Karate practice, mile run

Today is Sunday. Tom had to go to work so I was home alone for a while. I moved furniture out of the way and practiced two katas for a really long time, in the living room. It was compulsive but felt great to spend the time doing them over and over. I took breaks but not for long. I watched a couple of videos a few times to see if I was doing them right. I must have spent more than two hours. Tom came home and I showed them to him and of course blanked out once each.
We both went outside and stretched and squatted for a while, then I went for my mile run here in the neighborhood. My time today was my fastest yet, 8:48. I didn’t feel any specific discomfort but didn’t think I was going faster. In fact, I set out from the start to NOT try to go faster. Except when I got to maybe 100 meters from the finish (home), I ran that last part faster. I was really surprised at being so much faster over all. This was day 6.

Time Flies

I’ve worked out plenty in the past month and intended to blog each time. Usually I have lots of strenuous activity at the beginning of the week that includes CrossFit, lifting, karate, and yard work; then usually I’m more lazy on Wednesdays and only do karate; then often I work out during Open Gym on Thursdays.

Last Saturday Tom and I drove to Stormking Dayspa and Resort in Ashford to stay overnight and hike on Sunday in Mt Rainier National Park. Tom picked out a hike we could do on Saturday night, so we did that too, starting at the Comet Falls trailhead at 5:15. The sign said hiking time three hours, but we got to the beautiful falls in one hour, took our time coming back, and got back to the park entrance around 7:30 to go find dinner.

The next morning we drove up to Paradise and hiked a loop — a Mazama Ridge trail down towards Reflection Lakes, to the lakes and across (partly on the road), then back up to Paradise. It was great. The wildflowers were rampant and colorful in the high open spaces. From the trail, with binoculars, we could see climbers coming right off the summit, and lower, crossing a snowfield. We had gym friends up there on that same morning, and the climber we saw in the bright red jacket may have been one of them.

Monday was my new day off, and I did three hours of yard work. Tuesday, up at 4:45 to start my new schedule of teaching the early-morning classes on Tues. through Thursday. Tuesday is now my heaviest day — I’m in the gym until at least 1:00 PM. I can’t remember whether I worked out that day! But I did go to karate that night as well as Thursday (last night). After a big nap, that is. I had a nap on all three of my early days, which helped. It is relaxing to be done at some earlyish time of day and not have to go back. Even though it’s hard being tired.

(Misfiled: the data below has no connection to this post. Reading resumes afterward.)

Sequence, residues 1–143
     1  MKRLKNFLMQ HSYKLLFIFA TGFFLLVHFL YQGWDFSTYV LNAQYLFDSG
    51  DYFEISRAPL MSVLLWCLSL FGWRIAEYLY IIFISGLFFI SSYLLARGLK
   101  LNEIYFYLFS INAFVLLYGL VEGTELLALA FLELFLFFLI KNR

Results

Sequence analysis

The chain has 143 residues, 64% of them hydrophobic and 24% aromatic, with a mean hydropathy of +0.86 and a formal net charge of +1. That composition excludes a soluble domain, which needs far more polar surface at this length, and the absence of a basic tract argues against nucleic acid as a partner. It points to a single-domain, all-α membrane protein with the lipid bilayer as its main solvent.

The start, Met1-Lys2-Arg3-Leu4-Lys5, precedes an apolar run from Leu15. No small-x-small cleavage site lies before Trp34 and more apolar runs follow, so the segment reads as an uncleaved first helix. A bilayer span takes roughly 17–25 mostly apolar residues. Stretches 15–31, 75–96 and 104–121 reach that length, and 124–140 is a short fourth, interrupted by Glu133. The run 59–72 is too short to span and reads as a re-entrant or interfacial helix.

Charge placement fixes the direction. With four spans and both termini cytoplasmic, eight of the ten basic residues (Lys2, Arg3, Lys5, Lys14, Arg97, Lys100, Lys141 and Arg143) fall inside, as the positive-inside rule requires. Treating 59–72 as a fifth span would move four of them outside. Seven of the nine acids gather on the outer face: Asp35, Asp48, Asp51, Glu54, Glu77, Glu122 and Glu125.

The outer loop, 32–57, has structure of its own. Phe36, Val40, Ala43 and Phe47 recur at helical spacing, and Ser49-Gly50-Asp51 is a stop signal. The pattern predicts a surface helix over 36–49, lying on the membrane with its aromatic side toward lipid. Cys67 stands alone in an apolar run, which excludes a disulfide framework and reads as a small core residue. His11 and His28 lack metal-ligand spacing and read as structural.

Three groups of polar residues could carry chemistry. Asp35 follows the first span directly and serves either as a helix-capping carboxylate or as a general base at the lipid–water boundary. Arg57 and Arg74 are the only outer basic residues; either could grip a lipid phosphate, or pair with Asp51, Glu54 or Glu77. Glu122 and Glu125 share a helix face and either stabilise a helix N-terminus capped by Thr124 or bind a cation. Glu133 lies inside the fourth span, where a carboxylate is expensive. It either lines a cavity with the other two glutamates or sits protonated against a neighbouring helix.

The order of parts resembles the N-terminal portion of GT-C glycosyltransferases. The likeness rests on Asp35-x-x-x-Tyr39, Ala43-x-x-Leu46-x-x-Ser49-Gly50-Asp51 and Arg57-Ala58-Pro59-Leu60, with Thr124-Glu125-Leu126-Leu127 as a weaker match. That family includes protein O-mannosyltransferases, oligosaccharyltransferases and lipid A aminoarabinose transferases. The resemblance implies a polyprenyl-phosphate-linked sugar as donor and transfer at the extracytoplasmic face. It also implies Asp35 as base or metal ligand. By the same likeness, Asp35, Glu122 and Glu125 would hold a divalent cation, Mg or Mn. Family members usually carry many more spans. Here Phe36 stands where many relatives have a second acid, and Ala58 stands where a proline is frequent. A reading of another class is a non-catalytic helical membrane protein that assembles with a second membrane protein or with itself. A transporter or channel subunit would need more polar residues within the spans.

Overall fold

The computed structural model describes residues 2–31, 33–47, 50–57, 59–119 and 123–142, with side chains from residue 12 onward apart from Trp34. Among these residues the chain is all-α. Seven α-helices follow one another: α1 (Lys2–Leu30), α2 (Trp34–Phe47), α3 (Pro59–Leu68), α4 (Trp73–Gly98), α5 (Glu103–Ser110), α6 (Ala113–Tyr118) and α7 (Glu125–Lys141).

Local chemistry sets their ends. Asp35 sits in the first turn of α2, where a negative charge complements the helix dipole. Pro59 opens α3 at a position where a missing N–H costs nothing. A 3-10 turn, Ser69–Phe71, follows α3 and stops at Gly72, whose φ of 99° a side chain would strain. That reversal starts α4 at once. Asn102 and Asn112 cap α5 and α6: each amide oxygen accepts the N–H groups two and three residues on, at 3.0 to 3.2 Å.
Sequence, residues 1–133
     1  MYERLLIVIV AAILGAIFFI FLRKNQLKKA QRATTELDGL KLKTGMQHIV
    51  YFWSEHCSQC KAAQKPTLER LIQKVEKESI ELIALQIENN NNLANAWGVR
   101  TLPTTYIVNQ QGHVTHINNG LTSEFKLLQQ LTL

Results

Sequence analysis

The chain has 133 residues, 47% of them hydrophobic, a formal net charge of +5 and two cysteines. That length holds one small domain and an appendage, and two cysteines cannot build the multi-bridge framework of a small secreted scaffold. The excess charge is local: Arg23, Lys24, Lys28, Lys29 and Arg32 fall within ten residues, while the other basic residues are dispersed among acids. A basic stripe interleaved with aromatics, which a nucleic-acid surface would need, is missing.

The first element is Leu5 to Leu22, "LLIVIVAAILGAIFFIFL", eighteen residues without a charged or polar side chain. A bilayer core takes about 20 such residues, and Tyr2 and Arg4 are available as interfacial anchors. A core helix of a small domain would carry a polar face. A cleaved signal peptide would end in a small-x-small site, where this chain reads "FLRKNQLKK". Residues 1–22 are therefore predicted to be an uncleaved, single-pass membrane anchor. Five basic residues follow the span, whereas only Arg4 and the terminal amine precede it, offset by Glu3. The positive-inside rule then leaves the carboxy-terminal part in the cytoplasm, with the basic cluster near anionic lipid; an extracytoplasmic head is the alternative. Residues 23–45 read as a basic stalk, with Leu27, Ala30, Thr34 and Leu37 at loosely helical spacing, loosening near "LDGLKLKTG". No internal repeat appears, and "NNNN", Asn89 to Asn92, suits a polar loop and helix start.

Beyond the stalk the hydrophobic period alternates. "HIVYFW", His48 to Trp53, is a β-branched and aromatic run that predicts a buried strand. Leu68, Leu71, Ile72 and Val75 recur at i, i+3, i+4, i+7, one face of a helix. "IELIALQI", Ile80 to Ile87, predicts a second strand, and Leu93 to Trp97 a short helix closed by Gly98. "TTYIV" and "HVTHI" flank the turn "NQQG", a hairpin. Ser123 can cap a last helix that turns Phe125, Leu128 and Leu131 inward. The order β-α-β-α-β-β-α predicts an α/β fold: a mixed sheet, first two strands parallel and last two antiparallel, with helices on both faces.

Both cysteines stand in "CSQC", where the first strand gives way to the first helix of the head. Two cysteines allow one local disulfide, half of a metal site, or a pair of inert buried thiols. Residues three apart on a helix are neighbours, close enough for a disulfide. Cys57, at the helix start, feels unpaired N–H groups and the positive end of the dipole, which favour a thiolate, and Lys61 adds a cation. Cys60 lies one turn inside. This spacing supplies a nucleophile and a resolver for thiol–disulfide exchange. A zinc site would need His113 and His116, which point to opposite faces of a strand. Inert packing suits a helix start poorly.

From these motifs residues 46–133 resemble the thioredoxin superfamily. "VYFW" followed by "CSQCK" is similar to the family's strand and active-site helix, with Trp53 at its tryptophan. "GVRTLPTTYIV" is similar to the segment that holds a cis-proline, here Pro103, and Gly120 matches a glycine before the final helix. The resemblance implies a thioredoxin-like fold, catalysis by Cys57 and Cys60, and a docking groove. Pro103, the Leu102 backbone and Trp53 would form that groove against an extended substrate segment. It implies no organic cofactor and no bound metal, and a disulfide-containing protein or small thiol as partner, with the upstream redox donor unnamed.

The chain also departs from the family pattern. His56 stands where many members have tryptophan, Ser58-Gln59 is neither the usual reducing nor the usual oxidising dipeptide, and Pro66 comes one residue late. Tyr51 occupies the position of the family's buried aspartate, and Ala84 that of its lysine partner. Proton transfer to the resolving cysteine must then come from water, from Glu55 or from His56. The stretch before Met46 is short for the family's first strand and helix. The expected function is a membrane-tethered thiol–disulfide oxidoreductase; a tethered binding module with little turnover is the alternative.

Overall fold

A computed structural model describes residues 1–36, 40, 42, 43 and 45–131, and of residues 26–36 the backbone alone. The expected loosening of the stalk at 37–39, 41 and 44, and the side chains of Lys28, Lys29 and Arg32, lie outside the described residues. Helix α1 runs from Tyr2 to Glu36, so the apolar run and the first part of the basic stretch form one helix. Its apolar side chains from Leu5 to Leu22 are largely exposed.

Today I front squatted up to three sets of five at 145, then around 2:30 I rode my bike up to Office Depot near U Village to get some small office supplies. It’s a great sunny cool day for a bike ride. I also stopped by the Center for Urban Horticulture.

Sometime last week I did a shoulder press workout up to 5+ at 75%. And on Thursday last week I did a workout I was slow at with running in it. It was a 12-minute ascending ladder of 80m run and (jumping) bar muscle-ups. You had to add one more of each every round. In 12 minutes I got up to 5 runs, 5 muscle-ups, and 2 more runs. Afterward, Mike said I ought to also do the previous day’s workout that everyone said was such a puker. So I did one round of it. You had two minutes to do two rounds of “Cindy” and then finish the remainder of the time doing doubleunders. The score was how many doubleunders you got, and I got 32. The previous day’s class had done five rounds of that, with prescribed rest in between. I would not have wanted to do that!

For karate I’ve been practicing my roundhouse kick stance on my own, and practicing parts of my kata on my own, and I do find that both are improving. What I love about karate is how it makes my legs work independently of each other, as if they are arms. Only of course I’m only at the most simple level and I’m too tight to ever really whip my legs around. Still, I love getting that feeling of “prehensile legs,” as I call it.


Catching up again

It’s been a long time since I updated. Last time was July 3 after squatting 225 x 3.

July 14: Shoulder press, up  to 78 x 7 followed by a WOD:
Two minutes each of: max reps inchworm, max reps overhead walking lunge with a 35 lb plate, and doubleunders, followed by one minute rest, three rounds.